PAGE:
As predicted from the previous article written ("How Investors Can Cash in on Bank Earnings"), JPMorgan Chase and Bank of America were the most vulnerable for downside surprise based on most recent history and analytics. Although JPMorgan's miss was only 9.2%, Bank of America missed by 200%. Both stocks were hit with three-week stock price losses of 3.2% and 5.4%, respectively. Bank of America's stock losses were further exacerbated by the management admission of a capital calculation error on the Merrill Lynch unit that led to a temporary suspension of share repurchase buybacks and subsequently approved dividend increases.

So, if you took my advice you could have cashed in nicely over the last three weeks, but what do you do now if you missed that opportunity or are a long-term investor with a buy-and-hold strategy? The table below shows the revised fiscal year earnings estimates for 2014 and 2015 along with price targets and potential returns.

Over the next year, the best plays based on current valuations and stock price appreciation for FY2014 would be JPMorgan Chase and Citigroup with expected returns of 49% based on a historical industry price-to-earnings ratio of 15. Current stock prices would give these stocks some of the lowest forward looking P/E ratios, at 10 times. However, given that JPMorgan has missed its last three quarterly results and may be subject to further downward revisions, I would lean more toward Citigroup for reliable upside potential.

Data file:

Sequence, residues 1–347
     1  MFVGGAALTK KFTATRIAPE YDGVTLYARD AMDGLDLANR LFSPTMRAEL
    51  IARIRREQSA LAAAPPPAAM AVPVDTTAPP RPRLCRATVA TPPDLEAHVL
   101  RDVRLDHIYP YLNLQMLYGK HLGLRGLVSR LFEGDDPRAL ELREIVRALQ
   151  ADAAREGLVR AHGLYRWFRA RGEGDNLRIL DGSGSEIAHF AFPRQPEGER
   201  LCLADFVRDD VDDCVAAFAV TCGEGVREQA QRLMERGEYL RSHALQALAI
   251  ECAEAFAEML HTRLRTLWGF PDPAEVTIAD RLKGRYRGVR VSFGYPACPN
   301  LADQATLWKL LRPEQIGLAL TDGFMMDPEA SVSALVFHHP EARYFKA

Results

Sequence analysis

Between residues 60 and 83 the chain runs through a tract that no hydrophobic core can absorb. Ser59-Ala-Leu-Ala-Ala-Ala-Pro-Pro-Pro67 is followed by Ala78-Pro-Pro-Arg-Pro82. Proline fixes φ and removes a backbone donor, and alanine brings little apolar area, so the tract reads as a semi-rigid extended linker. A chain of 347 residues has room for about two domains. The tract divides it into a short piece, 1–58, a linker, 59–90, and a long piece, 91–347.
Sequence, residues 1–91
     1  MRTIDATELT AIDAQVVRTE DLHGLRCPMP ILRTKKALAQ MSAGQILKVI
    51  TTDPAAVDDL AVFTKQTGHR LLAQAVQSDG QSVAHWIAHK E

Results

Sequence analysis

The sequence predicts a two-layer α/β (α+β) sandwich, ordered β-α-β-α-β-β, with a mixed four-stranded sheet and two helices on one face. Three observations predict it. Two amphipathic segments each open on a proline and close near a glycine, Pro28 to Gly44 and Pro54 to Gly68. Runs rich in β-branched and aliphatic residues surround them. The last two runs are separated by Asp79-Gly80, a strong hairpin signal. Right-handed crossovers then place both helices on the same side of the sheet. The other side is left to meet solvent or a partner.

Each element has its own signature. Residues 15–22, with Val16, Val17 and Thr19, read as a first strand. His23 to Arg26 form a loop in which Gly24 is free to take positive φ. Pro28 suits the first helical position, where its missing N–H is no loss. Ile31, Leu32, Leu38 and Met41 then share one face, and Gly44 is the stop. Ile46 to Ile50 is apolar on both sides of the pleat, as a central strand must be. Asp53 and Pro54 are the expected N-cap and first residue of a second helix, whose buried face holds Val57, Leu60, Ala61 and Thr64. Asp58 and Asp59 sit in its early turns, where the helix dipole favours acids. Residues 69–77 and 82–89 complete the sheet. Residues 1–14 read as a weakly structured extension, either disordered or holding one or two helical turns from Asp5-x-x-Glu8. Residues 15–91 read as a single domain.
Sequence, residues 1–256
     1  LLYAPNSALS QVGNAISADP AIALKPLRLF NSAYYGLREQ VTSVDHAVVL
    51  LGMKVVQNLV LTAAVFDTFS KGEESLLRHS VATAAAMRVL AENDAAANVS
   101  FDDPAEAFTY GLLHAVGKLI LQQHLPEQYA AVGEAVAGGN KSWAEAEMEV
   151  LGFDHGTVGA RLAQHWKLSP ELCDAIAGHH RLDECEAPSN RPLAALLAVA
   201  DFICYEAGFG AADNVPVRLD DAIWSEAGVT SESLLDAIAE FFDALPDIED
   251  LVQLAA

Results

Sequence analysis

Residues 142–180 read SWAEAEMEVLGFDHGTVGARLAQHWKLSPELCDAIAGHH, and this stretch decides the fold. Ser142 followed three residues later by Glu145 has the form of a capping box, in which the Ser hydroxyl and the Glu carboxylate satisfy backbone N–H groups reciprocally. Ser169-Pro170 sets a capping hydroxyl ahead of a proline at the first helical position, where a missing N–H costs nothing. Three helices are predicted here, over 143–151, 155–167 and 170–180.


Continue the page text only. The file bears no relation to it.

Currently the forecast for Wells Fargo provides a nice projected return of 23.3% for 2014 and with the company's ability to deliver consistent earnings growth that beat estimates, it would probably be the safest play.

For Bank of America, in the short term over the next six to 12 months, I would not be a buyer of additional shares unless the stock dipped below $15 share because of uncertainty with its future plans for excess capital distributions and the newly filed Department of Justice lawsuit for $13 billion. Although this will most assuredly be settled at less than the full value, the current drag on earnings could be anywhere from $1.24 per share to 57 cents per share if settled, based on what Bank of America has forecast in litigation expenses going forward.

Once these additional mortgage litigation charges and capital distribution plans are resubmitted, Bank of America will be a strong performer in the back half of 2014 and FY 2015. The expected stock price return for 2015 should lead the group with an almost 62% return, which would far outpace the second best performer for 2015 in Citigroup at 16.2%.

I am of the opinion that with over $50 billion in settlement charges since the financial crisis began, or $4.76 in earnings per share, that the light is at the end of the tunnel for Bank of America. Current management with Brian Moynihan as CEO has done an excellent job of ridding the bank of its former toxicity with perhaps one of the worst acquisitions in banking history with the imploding of the Countywide Mortgage mess. He deserves at least some credit for taking the pain now and swiftly settling litigation as it comes up instead of dragging it out indefinitely.

At the time of publication the author had positions in BAC, C and WFC.

This article represents the opinion of a contributor and not necessarily that of TheStreet or its editorial staff.

 

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